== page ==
Opponents of a proposed windfarm in the Monadhliath Mountains said it would leave the landscape scarred by redundant tracks and land despoiled by concrete and steel at the end of its life.
The Mountaineering Council of Scotland said evidence to the public inquiry into the Allt Duine development, which opens today shows there are no plans to clear up the site after it closes.
There would be 24km (15 miles) of track up to 6m wide on the site, and 31 concrete bases would remain on the hills, each one consisting of 500 tonnes of steel and concrete.
David Gibson, MCofS chief officer, said: “We support green energy generation but this scheme involves dumping 15,500 tonnes of concrete and miles of roads in mountain areas of national importance and beauty.
“Windfarms are supposed to have a lifetime of 25 years. We would therefore expect developers to include proposals for site restitution in their plans as evidence of good stewardship of the environment. This public inquiry should protect our precious natural environment by putting a stop to this completely inappropriate project.”
The MCofS is also concerned that maps being presented to the inquiry by the developers fail to show that their turbines would come within 67m of an area designated by Scottish Natural Heritage as Zone Three: being of such sensitivity that there should be an automatic presumption against wind farms.
Mr Gibson said: “These huge turbines are each 125m high. One is so close to a Zone Three area that if it toppled over it would land inside. This is an area which is so special that wind farm development should not take place. As you might expect we are astonished that the developer has omitted this essential information from their proposal.
“The MCofS does not oppose wind farms, but it is determined to fight hard to protect sensitive areas like the Monadhliath Mountains as these are such important parts of our natural heritage and of economic importance to our tourism industry.
“These proposals would not only have a very real impact on the nearby Cairngorms National Park, which is a jewel in Scotland’s crown of natural beauty, but also be visible from a vast number of Scotland’s mountains across a wide area surrounding the Monadhliath.”
The MCofS speaks for more than 85,000 UK mountaineers on landscape issues in Scotland and is vigorously opposing the Allt Duine proposals, which are among seven schemes that could lead to a total of over 230 turbines, along with huge stretches of service tracks, being built across the central rampart of the Highlands.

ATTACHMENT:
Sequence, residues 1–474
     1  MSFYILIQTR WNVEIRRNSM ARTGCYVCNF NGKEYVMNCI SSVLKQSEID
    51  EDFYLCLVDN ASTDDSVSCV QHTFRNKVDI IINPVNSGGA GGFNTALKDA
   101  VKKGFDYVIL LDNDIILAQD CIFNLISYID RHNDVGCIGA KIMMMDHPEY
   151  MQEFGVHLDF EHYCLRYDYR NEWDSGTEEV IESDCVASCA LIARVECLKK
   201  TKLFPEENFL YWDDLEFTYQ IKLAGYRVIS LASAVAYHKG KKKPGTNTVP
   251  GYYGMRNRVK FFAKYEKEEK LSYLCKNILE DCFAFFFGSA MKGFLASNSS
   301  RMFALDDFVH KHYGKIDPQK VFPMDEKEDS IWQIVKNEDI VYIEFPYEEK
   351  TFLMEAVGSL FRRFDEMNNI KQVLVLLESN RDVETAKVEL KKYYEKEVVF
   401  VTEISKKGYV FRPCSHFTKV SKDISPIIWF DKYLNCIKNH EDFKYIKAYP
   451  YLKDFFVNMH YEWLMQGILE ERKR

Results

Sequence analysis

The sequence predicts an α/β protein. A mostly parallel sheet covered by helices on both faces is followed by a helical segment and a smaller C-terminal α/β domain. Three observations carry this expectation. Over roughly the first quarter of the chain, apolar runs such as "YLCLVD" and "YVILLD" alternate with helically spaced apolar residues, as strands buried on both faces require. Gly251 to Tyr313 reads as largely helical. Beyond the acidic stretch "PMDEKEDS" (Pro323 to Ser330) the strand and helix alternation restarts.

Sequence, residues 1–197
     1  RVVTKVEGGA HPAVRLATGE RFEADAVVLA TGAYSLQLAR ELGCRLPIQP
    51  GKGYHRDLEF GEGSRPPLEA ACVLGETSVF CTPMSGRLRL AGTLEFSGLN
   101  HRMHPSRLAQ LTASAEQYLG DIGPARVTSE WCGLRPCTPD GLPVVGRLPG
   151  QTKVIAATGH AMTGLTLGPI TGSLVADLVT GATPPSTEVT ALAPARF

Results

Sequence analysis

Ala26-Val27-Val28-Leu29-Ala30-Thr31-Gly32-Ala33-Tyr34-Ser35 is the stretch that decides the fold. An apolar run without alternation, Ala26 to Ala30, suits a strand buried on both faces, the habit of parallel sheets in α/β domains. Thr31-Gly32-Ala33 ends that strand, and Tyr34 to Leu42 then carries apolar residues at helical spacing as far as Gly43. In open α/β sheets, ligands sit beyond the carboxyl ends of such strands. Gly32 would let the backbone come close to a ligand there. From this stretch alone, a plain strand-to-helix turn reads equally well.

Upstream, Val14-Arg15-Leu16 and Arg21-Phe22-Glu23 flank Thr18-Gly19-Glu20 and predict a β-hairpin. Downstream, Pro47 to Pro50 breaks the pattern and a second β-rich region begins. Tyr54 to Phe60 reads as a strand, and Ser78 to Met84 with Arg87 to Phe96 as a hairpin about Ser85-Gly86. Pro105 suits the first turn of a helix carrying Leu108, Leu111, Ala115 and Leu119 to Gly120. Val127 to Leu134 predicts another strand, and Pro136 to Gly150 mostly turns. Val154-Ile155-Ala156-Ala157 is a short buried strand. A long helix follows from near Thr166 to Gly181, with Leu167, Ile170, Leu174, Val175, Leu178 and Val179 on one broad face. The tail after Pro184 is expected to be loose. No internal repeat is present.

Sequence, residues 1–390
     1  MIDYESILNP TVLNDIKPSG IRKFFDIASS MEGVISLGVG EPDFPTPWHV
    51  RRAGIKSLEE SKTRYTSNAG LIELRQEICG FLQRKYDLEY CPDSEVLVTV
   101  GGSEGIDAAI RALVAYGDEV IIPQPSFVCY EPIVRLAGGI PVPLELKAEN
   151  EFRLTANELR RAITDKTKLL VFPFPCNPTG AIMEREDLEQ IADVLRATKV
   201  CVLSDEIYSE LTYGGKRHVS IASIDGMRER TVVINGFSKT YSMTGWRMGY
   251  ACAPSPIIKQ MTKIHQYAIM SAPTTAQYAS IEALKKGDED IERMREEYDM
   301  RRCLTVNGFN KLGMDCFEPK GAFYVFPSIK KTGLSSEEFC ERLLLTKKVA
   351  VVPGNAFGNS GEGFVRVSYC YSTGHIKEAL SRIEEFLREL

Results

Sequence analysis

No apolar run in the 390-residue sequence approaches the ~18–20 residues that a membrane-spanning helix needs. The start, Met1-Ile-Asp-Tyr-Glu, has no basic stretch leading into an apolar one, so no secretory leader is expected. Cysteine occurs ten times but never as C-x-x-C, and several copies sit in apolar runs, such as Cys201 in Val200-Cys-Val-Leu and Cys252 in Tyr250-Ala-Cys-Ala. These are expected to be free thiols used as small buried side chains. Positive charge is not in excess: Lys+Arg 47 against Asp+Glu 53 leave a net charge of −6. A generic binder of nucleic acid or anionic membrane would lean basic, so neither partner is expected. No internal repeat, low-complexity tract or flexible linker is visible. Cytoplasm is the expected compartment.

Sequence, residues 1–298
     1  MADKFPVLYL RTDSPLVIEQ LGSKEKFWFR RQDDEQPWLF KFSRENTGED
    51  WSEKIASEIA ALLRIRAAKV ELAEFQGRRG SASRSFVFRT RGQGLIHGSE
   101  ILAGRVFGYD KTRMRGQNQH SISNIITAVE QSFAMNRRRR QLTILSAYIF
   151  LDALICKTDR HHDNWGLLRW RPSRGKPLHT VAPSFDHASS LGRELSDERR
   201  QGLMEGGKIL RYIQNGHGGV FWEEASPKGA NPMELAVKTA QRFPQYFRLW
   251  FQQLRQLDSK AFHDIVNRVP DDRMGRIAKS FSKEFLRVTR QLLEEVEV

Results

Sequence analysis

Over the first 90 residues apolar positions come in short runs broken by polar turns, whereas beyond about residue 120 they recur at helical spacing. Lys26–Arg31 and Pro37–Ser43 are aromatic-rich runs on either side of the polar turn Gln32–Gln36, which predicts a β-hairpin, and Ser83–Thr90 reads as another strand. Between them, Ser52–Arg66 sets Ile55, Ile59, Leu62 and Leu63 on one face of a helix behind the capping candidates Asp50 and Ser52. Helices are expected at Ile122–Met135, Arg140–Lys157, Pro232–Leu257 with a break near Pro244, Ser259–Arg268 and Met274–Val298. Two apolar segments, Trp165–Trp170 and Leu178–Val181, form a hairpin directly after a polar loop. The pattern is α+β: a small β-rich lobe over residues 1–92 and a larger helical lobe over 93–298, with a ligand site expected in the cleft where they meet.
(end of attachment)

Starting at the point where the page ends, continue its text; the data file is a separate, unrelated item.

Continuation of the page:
The MCofS recently sent its manifesto, Protecting our Mountains, to the First Minister, other MSPs, MPs representing Scottish constituencies and local councillors in eight local authorities.
The document calls for a moratorium on further developments in areas of special sensitivity, such as the Scotland’s highest peaks, the munros and corbetts and seeks the support of elected representatives for the development of a national spatial planning policy for the siting of wind farms
Mr Gibson said: “It’s time for the First Minister to stop dodging the questions about the impact of wind farms on the landscape.
“Platitudes will not protect the landscape for future generations. Our president has asked for a meeting with Scotland’s Environment Minister, Paul Wheelhouse, to discuss our proposals for harmonising the need for clean energy with the protection of our landscape – which is one of Scotland’s greatest cultural and economic assets.
“As yet the Minister has not suggested a date, but we hope that he will recognise that this is a matter of urgency.”
The Cairngorms National Park Authority also opposes German company RWE npower renewables’ plans for the windfarm which is close to the national park boundary.
Other outdoor luminaries have joined the campaign against the Allt Duine development, including writer and journalist Chris Townsend who called it ‘a windfarm too far’.
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